I don’t fully understand what the Skarro family must have gone through, and still be going through (although I understand somewhat, because my mom had breast cancer in 2009), but the thing with serious illnesses is, they affect the patient’s whole family, and there’s a lot of inherent loss there. You lose the mindset that [Serious Illness] is something that happens to other people. You lose the mentality that “tomorrow” is a given for the affected person. When and if remission comes, you’ve still lost the guarantee that the illness will never return. Most of all, when you’re in the thick of it (or newly in remission), you lose the sense of “normal” when you’re craving it most of all. So, maybe that’s what this outing was about–maybe it was about, “Our family has been through a lot, with Tertius having cancer, but we’re still a normal family, so let’s do something fun together.” Maybe it was a special treat for Primus (or Prima, since the article doesn’t specify gender), who’s by far the oldest at nine years old, but is still a child. Chances are, Primus/Prima was required to help out a lot more than usual during the worst of Tertius’ battle with cancer, and this movie outing was a reward for that. So, at the risk of sounding unpopular, I’m not going to berate this family too hard, because they’ve been through a lot. I don’t even think Mrs. Skarro wanted to ‘cry cancer baby,” because “cancer baby” had probably taken up too much of Tertius’ identity, for far too long, and that day was probably meant to be about anything BUT cancer, but then that was ruined by the aftermath of the cancer. The other thing is, the Skarros probably spent a lot of time in and around the hospital, surrounded by other cancer families, so I bet they were A) used to everyone understanding, because they were all in the same boat, and B) hardened from the past few months to the point that they were (or at least Mrs. Skarro was) annoyed that the man in the theatre appeared to have nothing more serious to complain about than a movie being disturbed by a child’s laughter.

    • Lucretia June 25, 2015, 2:12 am

      I would propose to you, Anonymous, that it would also be kind and wise of Mrs. Skarro to research places and movies that she is taking her son to. The Hunchback of Notre Dame, for example is a Disney movie- with a song sequence that is one of the ones that caused me to miss sleep as a kid. And I wasn’t sick or too young for movies at the time. This isn’t about compassion for cancer survivors. I know what having a family member that sick is like. My family member lost that fight, and I was the one that the burden of hospice and funeral arrangements fell on. So then, as a grieving person, do I not have a right to go out and find something normal in a theater? And how would Mrs. Skarro know that I have been hurt so deeply and was just trying to find a sense of normal again with what remains of my family? Because according to your logic, I too have a right to find that. That’s the problem with waving that flag instead of having common sense. How does Mrs. Skarro know what that man has suffered? Maybe he has less patience than he would normally because he has an illness or someone in his family does. This is why politeness and common sense are the cornerstones of compassion. Otherwise it’s the Misery Olympics, and who wants gold in that?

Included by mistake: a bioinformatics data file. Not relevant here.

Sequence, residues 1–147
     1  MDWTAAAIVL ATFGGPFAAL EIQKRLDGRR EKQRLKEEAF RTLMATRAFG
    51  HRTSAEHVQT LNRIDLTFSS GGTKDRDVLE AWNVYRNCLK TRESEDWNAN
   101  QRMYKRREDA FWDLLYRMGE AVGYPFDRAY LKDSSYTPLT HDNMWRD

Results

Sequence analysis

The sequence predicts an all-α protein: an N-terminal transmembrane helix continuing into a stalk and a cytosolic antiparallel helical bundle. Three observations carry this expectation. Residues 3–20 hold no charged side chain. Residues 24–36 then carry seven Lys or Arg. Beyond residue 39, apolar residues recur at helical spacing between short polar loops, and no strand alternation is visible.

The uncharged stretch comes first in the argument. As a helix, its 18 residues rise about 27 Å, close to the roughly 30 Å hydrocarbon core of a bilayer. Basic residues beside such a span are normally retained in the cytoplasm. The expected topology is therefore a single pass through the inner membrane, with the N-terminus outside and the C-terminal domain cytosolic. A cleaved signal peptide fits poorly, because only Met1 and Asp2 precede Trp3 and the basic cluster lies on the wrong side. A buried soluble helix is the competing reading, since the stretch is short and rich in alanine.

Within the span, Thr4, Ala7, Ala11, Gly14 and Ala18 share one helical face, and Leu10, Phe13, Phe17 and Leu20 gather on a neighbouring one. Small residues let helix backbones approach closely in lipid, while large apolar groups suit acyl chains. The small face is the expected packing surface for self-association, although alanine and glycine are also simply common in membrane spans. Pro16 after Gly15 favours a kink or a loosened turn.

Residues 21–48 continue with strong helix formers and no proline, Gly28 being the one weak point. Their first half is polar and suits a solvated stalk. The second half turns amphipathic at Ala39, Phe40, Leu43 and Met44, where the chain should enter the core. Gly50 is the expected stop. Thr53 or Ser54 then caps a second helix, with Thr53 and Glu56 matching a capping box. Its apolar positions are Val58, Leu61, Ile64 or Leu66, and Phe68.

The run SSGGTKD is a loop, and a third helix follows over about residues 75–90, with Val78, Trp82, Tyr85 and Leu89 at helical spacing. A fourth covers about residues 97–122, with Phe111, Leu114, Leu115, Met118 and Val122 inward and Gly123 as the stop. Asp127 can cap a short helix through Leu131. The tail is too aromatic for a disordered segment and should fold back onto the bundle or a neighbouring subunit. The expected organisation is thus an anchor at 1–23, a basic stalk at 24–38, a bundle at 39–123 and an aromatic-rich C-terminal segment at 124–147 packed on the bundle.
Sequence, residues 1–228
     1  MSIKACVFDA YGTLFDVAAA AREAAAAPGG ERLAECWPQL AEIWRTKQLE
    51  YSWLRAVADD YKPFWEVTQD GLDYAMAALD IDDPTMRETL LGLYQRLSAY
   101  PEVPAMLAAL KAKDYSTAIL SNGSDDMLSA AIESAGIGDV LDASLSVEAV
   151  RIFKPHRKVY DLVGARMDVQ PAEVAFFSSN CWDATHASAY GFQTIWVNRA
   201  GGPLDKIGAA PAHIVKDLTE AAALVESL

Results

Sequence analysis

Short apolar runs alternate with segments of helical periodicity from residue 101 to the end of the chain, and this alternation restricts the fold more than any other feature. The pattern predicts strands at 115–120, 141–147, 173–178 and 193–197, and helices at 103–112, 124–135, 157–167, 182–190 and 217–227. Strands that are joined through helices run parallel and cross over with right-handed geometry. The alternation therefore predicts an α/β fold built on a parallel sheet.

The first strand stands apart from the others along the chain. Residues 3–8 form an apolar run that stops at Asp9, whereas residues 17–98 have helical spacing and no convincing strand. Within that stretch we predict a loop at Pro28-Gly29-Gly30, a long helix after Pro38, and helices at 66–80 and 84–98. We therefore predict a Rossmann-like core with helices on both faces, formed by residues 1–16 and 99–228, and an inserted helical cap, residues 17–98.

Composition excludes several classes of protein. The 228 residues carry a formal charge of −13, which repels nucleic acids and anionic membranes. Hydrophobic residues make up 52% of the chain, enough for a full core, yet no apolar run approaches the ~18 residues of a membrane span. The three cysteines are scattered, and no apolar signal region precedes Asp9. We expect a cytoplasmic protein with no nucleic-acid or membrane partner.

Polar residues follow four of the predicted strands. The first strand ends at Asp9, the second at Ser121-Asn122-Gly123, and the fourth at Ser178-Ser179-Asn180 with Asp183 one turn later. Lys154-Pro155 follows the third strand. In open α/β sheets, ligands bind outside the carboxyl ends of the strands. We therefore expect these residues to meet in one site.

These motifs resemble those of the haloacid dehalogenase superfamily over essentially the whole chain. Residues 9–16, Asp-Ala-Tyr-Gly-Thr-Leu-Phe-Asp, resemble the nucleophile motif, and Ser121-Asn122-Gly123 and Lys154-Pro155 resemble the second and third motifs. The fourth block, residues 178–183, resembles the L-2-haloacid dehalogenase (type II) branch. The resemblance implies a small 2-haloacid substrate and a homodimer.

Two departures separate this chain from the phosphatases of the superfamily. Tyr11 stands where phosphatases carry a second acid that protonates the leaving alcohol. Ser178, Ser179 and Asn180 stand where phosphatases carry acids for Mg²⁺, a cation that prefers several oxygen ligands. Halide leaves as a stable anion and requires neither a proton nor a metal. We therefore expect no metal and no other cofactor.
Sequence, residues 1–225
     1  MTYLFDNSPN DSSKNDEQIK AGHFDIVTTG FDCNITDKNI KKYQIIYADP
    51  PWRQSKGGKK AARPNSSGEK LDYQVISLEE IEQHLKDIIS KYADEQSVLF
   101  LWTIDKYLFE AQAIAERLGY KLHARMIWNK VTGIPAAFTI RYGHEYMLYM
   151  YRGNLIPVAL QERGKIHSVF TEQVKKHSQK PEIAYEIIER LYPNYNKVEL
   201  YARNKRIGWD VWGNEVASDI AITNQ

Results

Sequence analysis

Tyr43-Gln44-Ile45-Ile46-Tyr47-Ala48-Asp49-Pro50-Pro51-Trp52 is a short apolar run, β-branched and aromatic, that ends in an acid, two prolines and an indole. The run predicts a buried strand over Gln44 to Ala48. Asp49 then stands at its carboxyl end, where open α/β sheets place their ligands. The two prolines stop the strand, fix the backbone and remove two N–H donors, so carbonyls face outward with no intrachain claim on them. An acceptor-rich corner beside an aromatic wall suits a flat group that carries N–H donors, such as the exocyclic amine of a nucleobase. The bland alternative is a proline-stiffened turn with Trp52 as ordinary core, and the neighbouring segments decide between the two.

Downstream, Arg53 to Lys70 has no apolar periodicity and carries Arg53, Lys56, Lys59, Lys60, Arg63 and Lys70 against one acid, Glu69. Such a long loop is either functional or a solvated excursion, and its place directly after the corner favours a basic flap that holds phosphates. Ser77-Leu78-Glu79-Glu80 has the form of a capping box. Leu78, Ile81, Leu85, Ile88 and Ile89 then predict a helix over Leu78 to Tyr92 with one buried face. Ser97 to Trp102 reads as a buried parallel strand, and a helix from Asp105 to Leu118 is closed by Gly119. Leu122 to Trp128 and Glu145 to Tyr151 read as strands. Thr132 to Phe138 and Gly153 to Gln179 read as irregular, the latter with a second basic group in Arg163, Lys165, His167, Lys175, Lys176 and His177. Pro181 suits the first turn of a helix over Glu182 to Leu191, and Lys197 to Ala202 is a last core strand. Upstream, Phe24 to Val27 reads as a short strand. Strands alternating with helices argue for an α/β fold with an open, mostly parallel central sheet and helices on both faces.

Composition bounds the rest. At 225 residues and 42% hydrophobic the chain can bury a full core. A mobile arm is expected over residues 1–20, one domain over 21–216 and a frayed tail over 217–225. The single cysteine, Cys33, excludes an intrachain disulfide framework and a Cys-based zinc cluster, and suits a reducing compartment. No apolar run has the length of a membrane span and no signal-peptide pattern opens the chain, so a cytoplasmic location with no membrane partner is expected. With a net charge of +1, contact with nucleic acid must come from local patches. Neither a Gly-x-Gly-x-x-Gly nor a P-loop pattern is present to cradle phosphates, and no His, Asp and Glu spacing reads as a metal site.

I contend that Mrs. Skarro took her two smallest children to something that if they had been 100% healthy they would still have been too young for. She showed poor judgement, and that has nothing to do with bleeding hearts over her son’s cancer (and thank God he seems to be in remission). She showed poor judgement, and was curtly informed of that (and yes, he could have been much more polite, or gotten an usher, or any number of other things. He didn’t. He was wrong. But she was much more wrong- since two of her children were probably also not having the very best time). She didn’t like that. I don’t blame her for that, nobody likes that. But she was wrong, and brought that particular scenario onto her own head. Nobody was particularly polite here.

      • JKC June 25, 2015, 10:10 am

        I’m with you, Lucretia. For all we know, that man may have just learned that he had stage 4 cancer and decided to take his family out for one last “normal” meal-and-a-movie before telling them about it. Or maybe he had a rough day at work and that was the last straw. Maybe he just didn’t get enough sleep. From what I’ve read, the movie theater (and this particular movie) just wasn’t a good place for these two toddlers at their age and maturity level. Maybe next time, she can take them out to a park or a playground, then rent from Red Box, put up a blanket fort, crack open a box of candy, and have a fabulously “normal” day with her kids without stepping on anyone elses’ toes.

    • abby June 25, 2015, 7:37 am

      “Okay, I agree that bringing toddlers to Tomorrowland was a mistake, but it was an understandable mistake, given that most Disney movies are G-rated and aimed at children. But, I think some people here are missing a bigger point”

      I’m going to respectfully disagree with you on two points. One, it’s not really an “understandable” mistake in my opinion. Anyone who spent 90 seconds watching the movie trailer should have concluded it was not appropriate for a 20 month and a 2 year old. In fact, I don’t know of ANY full length movie that would be enjoyed by a baby. It was a really, really, unwise decision on her part.